Over the past few years, arts festivals have drawn on dinner as a metaphor for communal spirit. The act of dining, as seen at the likes of Dark Mofo’s Winter Feast, is laden with theatre. But this context can also overlook food itself as a mode of cultural expression and can mirror extractive power dynamics.
It’s a problem that Kieron Anderson addresses at Feast. On a stormy Friday, the renowned Quandamooka chef and emerging artist presented food as a form of story. Along with a team of First Nations cooks, he served exquisitely plated dishes such as quampi, a pearl oyster shellfish that has been gathered for thousands of years on the mudflats of Quandamooka Country. We ate on tables made from camphor laurel, a noxious weed, under the glow of Light Flowers, an installation by Kaurereg and Meriam architect Kevin O’Brien that celebrates the wallum banksia, which is native to this region.
It matters who gets to tell their story. But what counts, just as much, is how those stories are gathered, framed and translated. In Home Grown Opera, one of 16 works commissioned for the festival, members of the Gold Coast community, from new migrants to long-time residents, “gifted” significant songs to artists from Opera Queensland. They in turn learned 10 different languages to create original arrangements.
Home Grown Opera, composed by John Rotar and co-created by Katherine Lyall-Watson, unfolded deep in the Gold Coast Regional Botanic Gardens. The cast, including rising lyric soprano Emma Nightingale and baritone Daniel Smerdon, sang a Bolivian ode to female friendship. They danced joyfully to “Jeenah W Jeenah”, the soundtrack to a Lebanese wedding. The performance imbued ordinary lives with a sense of grandeur and democratised a medium often considered exclusive. Part of me wanted to see the performers and song-owners unite on stage, taking the intention of the work to its highest conclusion.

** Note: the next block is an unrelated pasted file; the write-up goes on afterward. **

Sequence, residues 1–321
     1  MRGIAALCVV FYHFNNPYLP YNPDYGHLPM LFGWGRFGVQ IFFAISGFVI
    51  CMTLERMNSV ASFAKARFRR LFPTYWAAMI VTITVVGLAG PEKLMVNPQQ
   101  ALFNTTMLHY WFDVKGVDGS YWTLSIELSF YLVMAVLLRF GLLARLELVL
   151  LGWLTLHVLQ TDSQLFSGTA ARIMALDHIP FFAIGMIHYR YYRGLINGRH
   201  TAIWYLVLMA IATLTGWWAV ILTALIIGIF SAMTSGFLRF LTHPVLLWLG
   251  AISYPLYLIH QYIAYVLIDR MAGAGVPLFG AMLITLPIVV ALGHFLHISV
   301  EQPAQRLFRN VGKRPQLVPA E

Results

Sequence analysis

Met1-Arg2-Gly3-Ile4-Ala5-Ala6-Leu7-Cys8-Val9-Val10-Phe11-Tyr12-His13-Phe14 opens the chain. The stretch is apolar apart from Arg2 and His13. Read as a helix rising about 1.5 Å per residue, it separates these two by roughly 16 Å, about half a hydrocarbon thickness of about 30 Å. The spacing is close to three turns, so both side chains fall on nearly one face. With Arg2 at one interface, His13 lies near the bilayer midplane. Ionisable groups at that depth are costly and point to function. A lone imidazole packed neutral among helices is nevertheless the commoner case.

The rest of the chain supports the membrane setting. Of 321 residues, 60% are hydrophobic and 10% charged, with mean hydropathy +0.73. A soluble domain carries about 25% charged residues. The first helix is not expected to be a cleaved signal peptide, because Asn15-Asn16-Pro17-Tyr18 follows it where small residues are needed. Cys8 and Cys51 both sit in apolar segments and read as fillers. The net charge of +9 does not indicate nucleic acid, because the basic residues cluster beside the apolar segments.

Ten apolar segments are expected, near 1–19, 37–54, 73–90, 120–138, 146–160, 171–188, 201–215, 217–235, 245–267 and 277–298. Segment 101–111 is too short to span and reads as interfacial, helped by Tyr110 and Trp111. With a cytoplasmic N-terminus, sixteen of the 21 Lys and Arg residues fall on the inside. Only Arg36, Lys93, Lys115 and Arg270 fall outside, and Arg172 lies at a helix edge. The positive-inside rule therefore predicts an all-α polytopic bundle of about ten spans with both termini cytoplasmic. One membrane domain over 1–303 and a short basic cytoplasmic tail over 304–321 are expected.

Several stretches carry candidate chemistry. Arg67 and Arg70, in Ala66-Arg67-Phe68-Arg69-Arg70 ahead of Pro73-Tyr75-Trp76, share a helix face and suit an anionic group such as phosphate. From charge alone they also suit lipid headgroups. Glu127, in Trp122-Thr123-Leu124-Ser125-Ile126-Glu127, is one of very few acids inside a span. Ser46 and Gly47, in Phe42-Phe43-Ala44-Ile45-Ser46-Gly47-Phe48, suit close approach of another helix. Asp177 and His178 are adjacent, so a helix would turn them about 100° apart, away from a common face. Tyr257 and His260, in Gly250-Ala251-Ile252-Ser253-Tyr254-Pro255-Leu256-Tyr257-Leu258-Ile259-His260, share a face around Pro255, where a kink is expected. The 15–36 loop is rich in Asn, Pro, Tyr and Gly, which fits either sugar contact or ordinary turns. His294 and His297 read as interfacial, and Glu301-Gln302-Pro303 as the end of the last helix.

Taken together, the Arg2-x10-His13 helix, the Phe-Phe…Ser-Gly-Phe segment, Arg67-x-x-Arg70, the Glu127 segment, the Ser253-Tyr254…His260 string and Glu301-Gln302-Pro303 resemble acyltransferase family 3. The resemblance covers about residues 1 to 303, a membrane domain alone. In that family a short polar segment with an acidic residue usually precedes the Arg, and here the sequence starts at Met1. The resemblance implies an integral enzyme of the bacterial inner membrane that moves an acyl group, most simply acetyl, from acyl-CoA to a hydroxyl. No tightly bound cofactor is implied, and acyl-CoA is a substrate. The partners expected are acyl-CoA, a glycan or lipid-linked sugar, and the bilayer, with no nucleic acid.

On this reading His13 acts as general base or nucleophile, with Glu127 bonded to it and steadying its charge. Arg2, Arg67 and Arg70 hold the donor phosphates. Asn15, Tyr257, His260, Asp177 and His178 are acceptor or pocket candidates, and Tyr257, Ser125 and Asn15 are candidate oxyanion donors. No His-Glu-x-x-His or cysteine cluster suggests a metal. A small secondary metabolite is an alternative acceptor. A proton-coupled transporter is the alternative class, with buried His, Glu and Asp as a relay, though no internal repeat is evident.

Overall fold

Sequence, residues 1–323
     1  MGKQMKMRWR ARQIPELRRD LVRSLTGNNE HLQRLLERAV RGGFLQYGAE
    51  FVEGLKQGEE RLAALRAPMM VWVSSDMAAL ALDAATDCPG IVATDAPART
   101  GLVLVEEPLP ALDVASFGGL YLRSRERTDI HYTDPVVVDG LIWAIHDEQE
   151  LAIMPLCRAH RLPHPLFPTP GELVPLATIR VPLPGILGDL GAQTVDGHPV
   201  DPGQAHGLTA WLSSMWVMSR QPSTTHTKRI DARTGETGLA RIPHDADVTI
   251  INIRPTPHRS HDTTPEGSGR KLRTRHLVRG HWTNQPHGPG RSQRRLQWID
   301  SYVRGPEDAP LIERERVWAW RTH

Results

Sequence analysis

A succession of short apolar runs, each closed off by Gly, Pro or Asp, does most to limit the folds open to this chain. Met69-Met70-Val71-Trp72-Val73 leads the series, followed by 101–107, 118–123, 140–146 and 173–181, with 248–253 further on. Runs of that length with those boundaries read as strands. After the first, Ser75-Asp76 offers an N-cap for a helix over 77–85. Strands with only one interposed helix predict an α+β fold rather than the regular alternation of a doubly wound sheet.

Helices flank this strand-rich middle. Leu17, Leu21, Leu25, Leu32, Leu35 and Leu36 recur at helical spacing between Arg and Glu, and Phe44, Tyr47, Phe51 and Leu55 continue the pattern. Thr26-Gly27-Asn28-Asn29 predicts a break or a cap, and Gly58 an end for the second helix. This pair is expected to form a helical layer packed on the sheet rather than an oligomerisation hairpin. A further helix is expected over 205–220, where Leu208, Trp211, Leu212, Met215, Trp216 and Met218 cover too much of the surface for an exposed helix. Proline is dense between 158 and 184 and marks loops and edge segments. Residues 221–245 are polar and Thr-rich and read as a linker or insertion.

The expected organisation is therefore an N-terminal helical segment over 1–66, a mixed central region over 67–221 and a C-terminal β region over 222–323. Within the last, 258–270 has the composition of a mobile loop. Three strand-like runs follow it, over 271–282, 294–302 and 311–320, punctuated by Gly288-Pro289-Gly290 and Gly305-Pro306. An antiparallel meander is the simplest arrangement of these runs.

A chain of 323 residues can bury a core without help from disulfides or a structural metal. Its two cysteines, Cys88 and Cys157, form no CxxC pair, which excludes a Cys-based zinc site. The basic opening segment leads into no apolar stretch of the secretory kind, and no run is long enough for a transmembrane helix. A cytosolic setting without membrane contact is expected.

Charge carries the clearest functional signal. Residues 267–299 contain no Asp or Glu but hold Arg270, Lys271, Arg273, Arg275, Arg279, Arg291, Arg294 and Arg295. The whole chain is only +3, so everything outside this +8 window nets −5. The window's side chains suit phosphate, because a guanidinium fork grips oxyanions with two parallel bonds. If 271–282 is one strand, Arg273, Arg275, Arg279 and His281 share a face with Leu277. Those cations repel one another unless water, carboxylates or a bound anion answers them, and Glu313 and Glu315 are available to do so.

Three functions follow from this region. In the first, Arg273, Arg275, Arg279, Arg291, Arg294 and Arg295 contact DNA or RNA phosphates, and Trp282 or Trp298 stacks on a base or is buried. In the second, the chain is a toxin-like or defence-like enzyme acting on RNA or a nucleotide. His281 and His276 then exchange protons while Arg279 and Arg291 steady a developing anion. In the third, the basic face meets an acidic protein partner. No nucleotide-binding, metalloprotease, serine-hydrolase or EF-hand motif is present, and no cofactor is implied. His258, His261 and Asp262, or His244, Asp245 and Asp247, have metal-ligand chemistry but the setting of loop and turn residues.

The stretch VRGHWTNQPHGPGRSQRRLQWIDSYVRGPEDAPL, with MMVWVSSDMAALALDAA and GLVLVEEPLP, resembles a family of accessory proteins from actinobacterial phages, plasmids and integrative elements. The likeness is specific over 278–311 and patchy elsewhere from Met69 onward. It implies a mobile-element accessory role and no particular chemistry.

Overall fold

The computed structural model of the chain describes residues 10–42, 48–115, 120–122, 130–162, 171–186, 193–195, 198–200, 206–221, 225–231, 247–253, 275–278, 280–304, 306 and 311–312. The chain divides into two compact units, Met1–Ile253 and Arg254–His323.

On the Gold Coast, borders feel porous. The sacred merges with the profane. In a shipping container near the sea, theatremaker and writer Lisa Smith – one of the festival’s resident artists along with Lawrence English, Emily Grace Taylor and Liesel Zink – re-creates a miniature bingo hall. She recently lost her father and has been cast adrift by grief. She invites audience members to play bingo – a game of chance associated with seniors, with getting older and yearning for community. Through this work, conceived onsite in the weeks leading up to the festival, she hopes to engage viewers in a dialogue about the arbitrary nature of numbers, markers of months and years, of missed birthdays and anniversaries.
On my last evening at BLEACH*, I visited a weatherboard RSL club. A woman beckoned our group inside to The Nightline, a collaboration between Roslyn Oades and Bob Scott. Around me were rows of rotary telephones and identical plastic tables. I picked up a receiver, changing channels on the switchboard. I toggled between different voices, crackling and breaking, confessing to spells of loneliness in the night, stories of ailing parents, estranged loved ones. These are confessions of shiftworkers and insomniacs, all different but threaded together by the same fears, anxieties and doubts. The electricity flickers, the lights go off and it’s as if we’ve dissolved the line between truth and performance. We’ve scratched beneath the city’s surfaces and glimpsed, if just for a moment, what they might still conceal.
BLEACH* runs until August 21.
This article was first published in the print edition of The Saturday Paper on August 20, 2022 as "Stripping back the layers".